Families tell their DCS grievances to agency critic Rep. Jones

10:00 AM, Feb 19, 2013   |    comments
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By Tony Gonzalez, The Tennessean

More than a dozen families claiming mistreatment by the Tennessee Department of Children's Services gathered Monday in Nashville to share their stories with Rep. Sherry Jones, a longtime critic of the state's child protection agency.

Continuing coverage of the Department of Children's Services

The families - mostly mothers and grandmothers - spoke of child custody battles, perceived violations of law by DCS caseworkers, and difficulties navigating what they described as a confusing and sometimes combative state system.

Although the particulars varied, most stories included families pleading for more respect and clearer explanations from the DCS case managers whose decisions can change their lives.

"It was: 'Sign this piece of paper or I'm going to get your kids and you'll never see them again,' " said Julia Millsaps of Kingston, describing a meeting with a state investigator. "I'll sign just about anything, just tell me what it is. We were never told."

DCS leaders recently have responded to similar concerns about front-line caseworkers by considering new forms of training and requesting pay increases aimed at keeping experienced workers with the department.

How DCS does its work, investigating child abuse and overseeing foster children, has been the subject of scrutiny since Jones voiced concerns about the availability of DCS child fatality information in September.

Since then, child advocates, lawmakers, former employees and The Tennessean have detailed other systemic problems. Gov. Bill Haslam appointed a special adviser to probe the department. And Kate O'Day resigned from the commissioner's post Feb. 5, making way for Jim Henry, commissioner of the Department of Intellectual and Developmental Disabilities, to temporarily run the agency until Haslam chooses a full-time replacement.

All of the attention has emboldened some families to share their experiences.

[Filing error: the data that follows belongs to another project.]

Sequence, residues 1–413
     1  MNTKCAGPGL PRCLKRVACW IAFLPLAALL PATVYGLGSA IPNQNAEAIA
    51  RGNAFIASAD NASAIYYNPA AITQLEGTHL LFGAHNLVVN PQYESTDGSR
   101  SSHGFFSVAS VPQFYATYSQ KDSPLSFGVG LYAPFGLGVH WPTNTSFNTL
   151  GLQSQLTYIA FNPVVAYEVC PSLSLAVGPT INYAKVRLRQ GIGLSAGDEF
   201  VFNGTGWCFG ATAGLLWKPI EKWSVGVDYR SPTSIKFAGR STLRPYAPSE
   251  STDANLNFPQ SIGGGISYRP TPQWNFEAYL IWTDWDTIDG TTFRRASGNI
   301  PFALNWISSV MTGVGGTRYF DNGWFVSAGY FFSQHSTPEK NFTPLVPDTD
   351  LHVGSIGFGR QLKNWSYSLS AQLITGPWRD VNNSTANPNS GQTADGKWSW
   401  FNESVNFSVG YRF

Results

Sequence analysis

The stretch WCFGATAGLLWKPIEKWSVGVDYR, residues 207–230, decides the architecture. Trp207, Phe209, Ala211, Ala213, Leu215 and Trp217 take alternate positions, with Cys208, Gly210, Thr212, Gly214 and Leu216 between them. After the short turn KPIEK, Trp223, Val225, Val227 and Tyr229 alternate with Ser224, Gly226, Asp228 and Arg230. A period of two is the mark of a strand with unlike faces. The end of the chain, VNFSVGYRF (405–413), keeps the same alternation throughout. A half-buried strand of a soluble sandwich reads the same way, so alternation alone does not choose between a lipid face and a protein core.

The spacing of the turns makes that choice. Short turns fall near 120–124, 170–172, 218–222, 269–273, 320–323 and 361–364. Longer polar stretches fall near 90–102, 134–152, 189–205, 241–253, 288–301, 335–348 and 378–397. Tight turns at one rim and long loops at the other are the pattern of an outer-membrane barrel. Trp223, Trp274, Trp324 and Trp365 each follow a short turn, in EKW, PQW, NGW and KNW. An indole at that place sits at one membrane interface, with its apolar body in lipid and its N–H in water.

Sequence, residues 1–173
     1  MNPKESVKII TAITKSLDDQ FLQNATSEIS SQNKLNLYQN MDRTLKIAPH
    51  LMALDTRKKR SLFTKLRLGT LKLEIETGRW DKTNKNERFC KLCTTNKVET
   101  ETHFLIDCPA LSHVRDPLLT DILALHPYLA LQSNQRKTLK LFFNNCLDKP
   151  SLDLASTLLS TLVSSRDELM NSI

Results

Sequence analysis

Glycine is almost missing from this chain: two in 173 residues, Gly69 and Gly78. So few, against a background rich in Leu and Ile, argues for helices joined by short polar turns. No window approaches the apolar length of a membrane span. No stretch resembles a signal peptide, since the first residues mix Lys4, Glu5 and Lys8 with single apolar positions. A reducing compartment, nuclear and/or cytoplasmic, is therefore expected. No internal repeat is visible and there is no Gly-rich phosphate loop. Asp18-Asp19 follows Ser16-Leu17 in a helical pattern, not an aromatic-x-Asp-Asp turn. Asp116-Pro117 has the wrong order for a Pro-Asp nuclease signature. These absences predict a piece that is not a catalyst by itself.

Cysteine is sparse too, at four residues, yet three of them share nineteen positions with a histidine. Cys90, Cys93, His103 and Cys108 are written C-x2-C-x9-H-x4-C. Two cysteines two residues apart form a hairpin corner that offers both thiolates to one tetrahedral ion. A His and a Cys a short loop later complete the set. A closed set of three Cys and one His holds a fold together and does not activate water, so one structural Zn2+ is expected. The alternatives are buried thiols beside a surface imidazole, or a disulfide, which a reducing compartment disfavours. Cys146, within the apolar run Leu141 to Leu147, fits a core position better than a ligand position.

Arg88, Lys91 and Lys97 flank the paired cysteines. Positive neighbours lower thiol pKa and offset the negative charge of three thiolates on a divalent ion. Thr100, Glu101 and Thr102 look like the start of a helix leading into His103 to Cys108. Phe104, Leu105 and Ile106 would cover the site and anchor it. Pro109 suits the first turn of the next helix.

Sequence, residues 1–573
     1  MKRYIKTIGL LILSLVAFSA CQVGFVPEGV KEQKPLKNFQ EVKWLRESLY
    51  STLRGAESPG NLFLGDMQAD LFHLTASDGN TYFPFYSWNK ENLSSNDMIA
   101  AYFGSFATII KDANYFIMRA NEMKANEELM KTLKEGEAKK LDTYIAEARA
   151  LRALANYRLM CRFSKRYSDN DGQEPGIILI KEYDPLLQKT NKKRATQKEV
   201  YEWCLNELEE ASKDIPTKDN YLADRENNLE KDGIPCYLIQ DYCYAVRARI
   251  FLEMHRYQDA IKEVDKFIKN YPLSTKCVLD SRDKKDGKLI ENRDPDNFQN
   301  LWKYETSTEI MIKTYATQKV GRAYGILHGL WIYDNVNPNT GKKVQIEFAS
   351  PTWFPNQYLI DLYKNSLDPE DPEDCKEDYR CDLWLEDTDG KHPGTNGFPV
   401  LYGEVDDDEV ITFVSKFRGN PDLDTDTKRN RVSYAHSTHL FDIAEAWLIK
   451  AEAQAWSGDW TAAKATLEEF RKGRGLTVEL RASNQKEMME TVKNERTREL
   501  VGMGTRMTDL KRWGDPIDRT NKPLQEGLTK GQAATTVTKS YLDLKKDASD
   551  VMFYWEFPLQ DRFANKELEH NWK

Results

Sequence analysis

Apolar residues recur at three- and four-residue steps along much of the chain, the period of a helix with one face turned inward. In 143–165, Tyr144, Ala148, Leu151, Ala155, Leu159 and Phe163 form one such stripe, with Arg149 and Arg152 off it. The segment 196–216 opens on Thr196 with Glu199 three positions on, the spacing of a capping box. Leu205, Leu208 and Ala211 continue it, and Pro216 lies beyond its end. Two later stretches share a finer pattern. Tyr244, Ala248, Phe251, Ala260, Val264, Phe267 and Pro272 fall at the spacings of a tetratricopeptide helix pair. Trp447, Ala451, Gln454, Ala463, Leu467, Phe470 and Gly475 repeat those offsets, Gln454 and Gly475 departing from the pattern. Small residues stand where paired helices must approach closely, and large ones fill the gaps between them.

Monday, a state holiday, Jones listened to them most of the afternoon in a room at the nearly deserted Legislative Plaza. Millsaps and most others drove hours to be there - from as far as Johnson City - for a rare face-to-face with the lawmaker and with families who share similar concerns.

Jones took turns talking with each who came, at one point spending almost an hour on the room's maroon carpet to look over records pulled from one woman's black accordion folder. Almost everyone came with paperwork, whether in a 3-inch red binder or a slim purple folder.

"We're seeing (Jones) so each one of our cases can be heard," Millsaps said, "so she knows how to address the people within the higher departments of DCS."

What Jones can do with each grievance isn't always clear, although she has already filed a bill that would create a new commission to oversee the department.

Some attendees envision an ongoing support group. Last month, Jackson, Tenn.-based attorney Lanis Karnes hosted one such meeting, and another will take place next month in East Tennessee.

Karnes said that she has discussed a class-action lawsuit against the department but that other options will be considered first, such as continued lawmaker meetings or more family law training sessions for attorneys across the state.

"Some of the people today, their cases are over. There's not much recourse for them," Karnes said. "Awareness is the biggest thing. We can provide information."

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